L’il Buddy is a Dark-eyed junco.
“As winter arrives, flocks of these lively little birds suddenly appear across much of the U.S.” and I’m all, Here, kitty kitty.
A winter candle person, scented or otherwise, I have emphatically not been.
“Who are these twee candle people?” I have said thumbing through this-time-of-year’s catalogs of arranged candlescapes in cabins advertising his-and-hers long johns and fleece.
“Barf,” I’ve said to my sister. “FAKE CHEER.” And then I’ve retired into my badger hole until late February when a body begins to feel the sap rising again.
Not this year, friends! 2020 has been such an flaming dumpster that it has officially, Dickensianly, A Christmas Carol-ed me.
I am reborn! I am remade! My eyes have seen the glory of…
The modern medieval auguries of this pandemic that I personally ignored are many, so I don’t want to miss what you, morning doves on the roof, are trying to tell me with your lilting coos.
Your song sounds soft, low, nostalgic, and sad. Is that how you feel? It’s a balm in this age of hard, screechy, forward-marching, and relentlessly, cheerfully, entrepreneurial.
I also have a public-facing self. My public-facing self is neurotic.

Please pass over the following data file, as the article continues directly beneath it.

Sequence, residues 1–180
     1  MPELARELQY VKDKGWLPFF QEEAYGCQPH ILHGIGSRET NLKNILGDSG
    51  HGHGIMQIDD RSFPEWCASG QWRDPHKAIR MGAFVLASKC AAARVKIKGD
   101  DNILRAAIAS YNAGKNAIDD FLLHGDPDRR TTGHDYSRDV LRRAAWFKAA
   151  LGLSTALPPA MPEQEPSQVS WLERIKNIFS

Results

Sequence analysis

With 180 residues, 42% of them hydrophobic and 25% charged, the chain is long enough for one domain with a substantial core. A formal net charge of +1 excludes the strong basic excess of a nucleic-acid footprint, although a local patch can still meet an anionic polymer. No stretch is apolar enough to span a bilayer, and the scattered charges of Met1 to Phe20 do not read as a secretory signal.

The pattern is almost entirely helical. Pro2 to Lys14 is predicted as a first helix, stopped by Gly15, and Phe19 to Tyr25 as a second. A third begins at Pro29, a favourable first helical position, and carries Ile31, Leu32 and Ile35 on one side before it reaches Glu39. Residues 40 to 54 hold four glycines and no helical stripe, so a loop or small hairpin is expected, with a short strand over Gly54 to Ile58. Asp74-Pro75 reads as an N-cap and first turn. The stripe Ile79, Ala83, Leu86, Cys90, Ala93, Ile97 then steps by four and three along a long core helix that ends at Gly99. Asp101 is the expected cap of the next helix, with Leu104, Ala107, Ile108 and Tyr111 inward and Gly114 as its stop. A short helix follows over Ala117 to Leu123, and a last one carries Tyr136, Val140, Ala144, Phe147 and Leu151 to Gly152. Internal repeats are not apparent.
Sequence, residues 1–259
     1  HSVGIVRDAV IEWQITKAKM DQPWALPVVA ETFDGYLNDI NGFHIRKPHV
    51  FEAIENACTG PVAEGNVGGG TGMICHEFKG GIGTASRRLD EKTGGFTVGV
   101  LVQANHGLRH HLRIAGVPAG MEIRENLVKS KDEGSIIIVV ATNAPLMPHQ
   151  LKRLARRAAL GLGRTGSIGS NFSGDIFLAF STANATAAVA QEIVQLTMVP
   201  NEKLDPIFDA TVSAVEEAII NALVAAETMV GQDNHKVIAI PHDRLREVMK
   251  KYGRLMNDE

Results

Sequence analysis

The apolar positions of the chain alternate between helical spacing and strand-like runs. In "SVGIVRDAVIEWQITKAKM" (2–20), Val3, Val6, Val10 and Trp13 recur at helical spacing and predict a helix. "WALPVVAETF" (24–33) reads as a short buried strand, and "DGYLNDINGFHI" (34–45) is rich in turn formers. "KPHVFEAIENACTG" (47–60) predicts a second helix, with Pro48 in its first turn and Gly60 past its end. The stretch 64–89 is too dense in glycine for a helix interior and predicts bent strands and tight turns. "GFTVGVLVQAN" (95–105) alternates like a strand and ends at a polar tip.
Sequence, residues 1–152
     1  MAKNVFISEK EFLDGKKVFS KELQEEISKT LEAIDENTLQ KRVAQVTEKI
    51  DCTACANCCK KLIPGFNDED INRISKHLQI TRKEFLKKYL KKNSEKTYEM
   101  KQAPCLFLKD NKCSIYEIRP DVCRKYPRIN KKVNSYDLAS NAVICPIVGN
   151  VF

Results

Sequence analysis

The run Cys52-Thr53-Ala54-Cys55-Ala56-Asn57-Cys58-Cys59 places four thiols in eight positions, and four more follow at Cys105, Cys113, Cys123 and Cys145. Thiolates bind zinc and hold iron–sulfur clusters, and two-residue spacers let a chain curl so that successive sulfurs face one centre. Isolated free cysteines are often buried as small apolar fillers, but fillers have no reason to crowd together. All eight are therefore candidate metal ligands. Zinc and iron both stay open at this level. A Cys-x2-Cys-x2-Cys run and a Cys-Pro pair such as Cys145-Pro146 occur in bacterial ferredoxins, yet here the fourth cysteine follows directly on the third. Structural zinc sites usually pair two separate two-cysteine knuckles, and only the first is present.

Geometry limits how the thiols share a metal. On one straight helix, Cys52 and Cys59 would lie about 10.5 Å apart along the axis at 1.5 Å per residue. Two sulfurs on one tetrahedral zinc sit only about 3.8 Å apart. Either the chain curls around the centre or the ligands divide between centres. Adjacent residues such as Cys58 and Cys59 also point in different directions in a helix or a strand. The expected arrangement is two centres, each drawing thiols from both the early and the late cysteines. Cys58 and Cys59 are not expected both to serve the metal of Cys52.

But then, so is my private-facing self. One could say about me, “At least she’s authentic” and it would be praise, because we appear to be in…
Rachel Syme writes, in The Allure of the Nap Dress, the Look of Gussied-Up Oblivion, “We are used to seeing women in white nightgowns as haunted, anxious, skulking around with unfinished business.”
“But there is also the figure of the innocent child in white, a kind of prelapsarian state of guilelessness and imagination. The Nap Dress combines these associations into a single garment; it is children’s clothing sized up for adults, or creepy, adult ghost clothes festooned with sweet and approachable details. It is a dress that connotes both extreme stress and also the cessation of it.”
When I wear…
geology noob finding sermons in stones